In September this year, we published a pilot version of the Open Data Index, a ranking of the 61 countries measured by the Web Index but focusing only on indicators of their open data practices. We published the indicators and methodology alongside the Index.
There has been a lively debate about our methodology in the open data community, which we welcome. It will undoubtedly help us to improve the 2013 edition. All kinds of interesting issues have been raised and we’d like to respond to some of the most important.
By way of background, the Open Data Index is computed as a sub-set of the overall Web Index, which is a composite index covering many dimensions of the Web’s growth and social value. So, while a country may have scored poorly in one dimension, it could have scored well on several others, thereby making its overall average score higher than the worst score. At the same time, we could drill into the component questions to see how each performs separately. This approach allows for both an in-depth analysis and a summary of overall average performance.
The Open Data Index is based on data collected through a wide-ranging expert assessment survey in each country. For every country, one person scored, and 1-3 people checked and validated the scores. Therefore each country was assessed by up to 4 people. The scoring is not just opinion-based; scorers were required to provide some evidence to back their scores. This approach is not unique to our work. Several respected organisations such as Global Integrity, the World Bank, the Economist Intelligence Unit, and others, also use similar methods.
The questions asked are not binary (yes/no). Rather, they are questions of extent. For example, we do not ask “are there data on government spending”. Instead, we ask “to what extent are there data on government spending” on a scale of 1 – 10. We also provide guidance as to what to consider in answering the question (for example, look for websites on certain data, consider the data available on the fiscal accounts of the central government and the state governments, etc. Clearly, the more the data the higher the score.)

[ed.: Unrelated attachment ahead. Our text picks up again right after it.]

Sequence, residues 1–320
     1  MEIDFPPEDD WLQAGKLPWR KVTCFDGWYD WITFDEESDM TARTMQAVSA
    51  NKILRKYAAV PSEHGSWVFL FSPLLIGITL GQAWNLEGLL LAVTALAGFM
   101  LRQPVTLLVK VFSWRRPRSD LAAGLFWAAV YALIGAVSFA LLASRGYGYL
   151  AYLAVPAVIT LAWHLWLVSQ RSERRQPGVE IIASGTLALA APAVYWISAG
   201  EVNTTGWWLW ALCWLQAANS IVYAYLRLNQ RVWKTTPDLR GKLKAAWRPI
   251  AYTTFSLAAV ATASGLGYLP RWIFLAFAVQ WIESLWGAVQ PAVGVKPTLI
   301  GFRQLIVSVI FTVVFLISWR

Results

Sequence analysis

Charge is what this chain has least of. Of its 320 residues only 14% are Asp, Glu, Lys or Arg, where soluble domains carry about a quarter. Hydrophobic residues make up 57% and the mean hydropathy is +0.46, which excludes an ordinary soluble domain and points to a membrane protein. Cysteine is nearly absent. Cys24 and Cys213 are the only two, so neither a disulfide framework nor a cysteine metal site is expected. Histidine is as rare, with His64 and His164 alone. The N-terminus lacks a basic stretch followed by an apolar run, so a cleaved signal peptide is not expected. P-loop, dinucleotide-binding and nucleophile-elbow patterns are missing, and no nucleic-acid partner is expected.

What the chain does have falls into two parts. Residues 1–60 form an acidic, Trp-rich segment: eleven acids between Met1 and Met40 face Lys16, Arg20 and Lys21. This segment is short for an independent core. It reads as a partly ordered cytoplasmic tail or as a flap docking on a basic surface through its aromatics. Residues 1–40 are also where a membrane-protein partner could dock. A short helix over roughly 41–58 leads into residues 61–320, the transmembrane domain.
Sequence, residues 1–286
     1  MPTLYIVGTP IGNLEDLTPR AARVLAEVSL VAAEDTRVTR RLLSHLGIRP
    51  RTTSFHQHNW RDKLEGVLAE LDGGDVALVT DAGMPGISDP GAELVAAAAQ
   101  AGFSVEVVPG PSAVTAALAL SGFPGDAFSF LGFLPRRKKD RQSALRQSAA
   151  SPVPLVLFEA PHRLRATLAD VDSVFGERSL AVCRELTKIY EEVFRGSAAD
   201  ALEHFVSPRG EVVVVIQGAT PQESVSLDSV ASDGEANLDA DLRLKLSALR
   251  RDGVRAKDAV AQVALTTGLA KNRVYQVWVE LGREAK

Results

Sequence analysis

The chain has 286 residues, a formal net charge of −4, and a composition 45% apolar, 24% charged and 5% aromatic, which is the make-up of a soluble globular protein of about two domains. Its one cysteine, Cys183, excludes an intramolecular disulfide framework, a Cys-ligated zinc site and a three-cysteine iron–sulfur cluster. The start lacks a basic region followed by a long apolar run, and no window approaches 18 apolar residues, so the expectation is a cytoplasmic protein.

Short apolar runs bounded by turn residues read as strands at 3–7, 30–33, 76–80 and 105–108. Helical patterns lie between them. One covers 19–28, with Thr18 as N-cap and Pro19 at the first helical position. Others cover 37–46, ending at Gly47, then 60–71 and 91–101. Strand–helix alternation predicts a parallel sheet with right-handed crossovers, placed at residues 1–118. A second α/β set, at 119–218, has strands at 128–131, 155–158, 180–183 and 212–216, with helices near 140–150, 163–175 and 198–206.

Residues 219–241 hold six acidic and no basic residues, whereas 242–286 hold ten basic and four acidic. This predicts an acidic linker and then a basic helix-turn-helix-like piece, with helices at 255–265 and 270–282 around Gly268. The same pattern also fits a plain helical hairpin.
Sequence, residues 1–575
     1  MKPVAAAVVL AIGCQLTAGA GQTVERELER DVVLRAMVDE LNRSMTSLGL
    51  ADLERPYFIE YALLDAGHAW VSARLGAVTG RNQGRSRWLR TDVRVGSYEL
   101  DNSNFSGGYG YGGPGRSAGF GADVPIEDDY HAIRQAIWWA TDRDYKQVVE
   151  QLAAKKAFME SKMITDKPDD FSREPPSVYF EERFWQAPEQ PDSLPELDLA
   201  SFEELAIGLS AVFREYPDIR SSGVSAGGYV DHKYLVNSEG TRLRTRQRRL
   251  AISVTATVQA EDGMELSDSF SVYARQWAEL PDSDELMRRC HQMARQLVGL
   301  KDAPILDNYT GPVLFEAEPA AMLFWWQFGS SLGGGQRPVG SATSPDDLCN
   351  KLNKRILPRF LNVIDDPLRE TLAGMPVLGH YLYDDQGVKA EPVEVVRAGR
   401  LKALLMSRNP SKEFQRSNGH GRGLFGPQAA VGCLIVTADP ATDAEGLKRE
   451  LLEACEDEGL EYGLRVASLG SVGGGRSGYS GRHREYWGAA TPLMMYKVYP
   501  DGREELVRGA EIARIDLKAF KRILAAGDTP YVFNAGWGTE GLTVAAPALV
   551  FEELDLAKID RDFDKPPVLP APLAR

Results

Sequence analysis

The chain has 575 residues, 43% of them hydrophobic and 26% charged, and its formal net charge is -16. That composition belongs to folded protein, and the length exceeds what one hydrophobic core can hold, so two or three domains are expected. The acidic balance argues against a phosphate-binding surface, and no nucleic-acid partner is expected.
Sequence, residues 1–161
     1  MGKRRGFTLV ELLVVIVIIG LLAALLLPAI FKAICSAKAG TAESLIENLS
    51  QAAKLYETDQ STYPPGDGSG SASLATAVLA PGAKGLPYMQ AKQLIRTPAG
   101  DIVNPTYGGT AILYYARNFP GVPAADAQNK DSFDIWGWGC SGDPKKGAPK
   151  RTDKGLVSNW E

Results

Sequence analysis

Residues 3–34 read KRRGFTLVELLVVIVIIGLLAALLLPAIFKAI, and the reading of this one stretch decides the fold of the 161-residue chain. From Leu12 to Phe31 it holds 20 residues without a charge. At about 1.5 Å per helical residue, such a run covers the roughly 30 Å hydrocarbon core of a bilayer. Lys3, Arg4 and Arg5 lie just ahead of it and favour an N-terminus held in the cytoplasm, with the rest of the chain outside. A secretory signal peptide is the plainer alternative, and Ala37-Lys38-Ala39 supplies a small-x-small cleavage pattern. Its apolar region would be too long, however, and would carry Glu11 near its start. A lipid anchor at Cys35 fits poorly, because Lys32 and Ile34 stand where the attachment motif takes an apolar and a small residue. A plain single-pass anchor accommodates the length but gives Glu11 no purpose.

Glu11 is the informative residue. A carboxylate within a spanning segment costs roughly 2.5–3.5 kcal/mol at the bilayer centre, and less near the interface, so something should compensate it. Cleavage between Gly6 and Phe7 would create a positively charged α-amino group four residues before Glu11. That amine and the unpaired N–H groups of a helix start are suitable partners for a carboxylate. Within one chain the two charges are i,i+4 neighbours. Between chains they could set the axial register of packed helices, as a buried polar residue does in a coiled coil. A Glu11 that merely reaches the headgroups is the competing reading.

An independent, expert statistical organization in the EU applied a rigorous statistical test of the results of the Web Index and its component sub-Indexes. Their report ( http://thewebindex.org/2012/09/EC-JRC-Assessment-of-Web-Index.pdf ) shows that the Index and its results are robust overall, although there are 4 or 5 questions in the entire expert assessment survey that appear to have been widely misunderstood, including one in the open data section.
The experts we engaged come from various fields including academia, law, NGOs and ICT specialists, as well as some open data experts. It is true that some of those who were not open data experts appear not to have fully understood the questions on open data, and this did lead to weaknesses in scoring as mentioned above. Resources permitting, it would be great to have an economist for each country to assess the Web’s economic impact, a political scientist the political impact, an open data specialist for the open data component, and so on. But our resources do not permit that.
In mitigation, we are investigating how to provide clearer definitions and guidance on the open data questions for next year’s survey, and we would appreciate suggestions. In addition, our experience underlines a point that others have made in other contexts: we in the open data community face an important challenge in better communicating our understanding of the meaning of open data to others outside our community, who tend to assume it’s all about data availability.
We also found that assessing the quality of the data released presents further complications (for example, how do you evaluate the quality of the fiscal data released by governments if you don’t have expertise in public finance?).
Finally, the usual tension between de jure (making an announcement, preparing an action plan, ratifying a UN convention) and de facto (implementing the commitments) reared its head in trying to measure progress on open data. While we tried to assess both commitment and implementation, we recognise this may need to be further refined.
We are still working on solutions to all of these challenges, and we hope that we will make good progress in this regard for the 2013 Index. We certainly welcome further dialogue and suggestions.
Our decision to allow scorers to remain anonymous has also been criticised. In some of the countries we surveyed, reviewers might be tempted to soften their scoring on some issues if they knew their participation would be made public; in a few countries, they might even face negative professional or personal consequences. Offering the option of anonymity therefore seemed ethically and methodologically important to us. Although we did encourage all of the people who participated to allow us to publish their names, we respected their wishes if they preferred to remain anonymous. We continue to discuss how best to balance confidentiality with transparency.
As we work to expand and strengthen the Web Index and the Open Data Index, we welcome your critical feedback at every step of the way. Our aim with the Web Index is to provide a resource that others will value and use, so your views on how to make it better are incredibly important to us. We thank you for your feedback.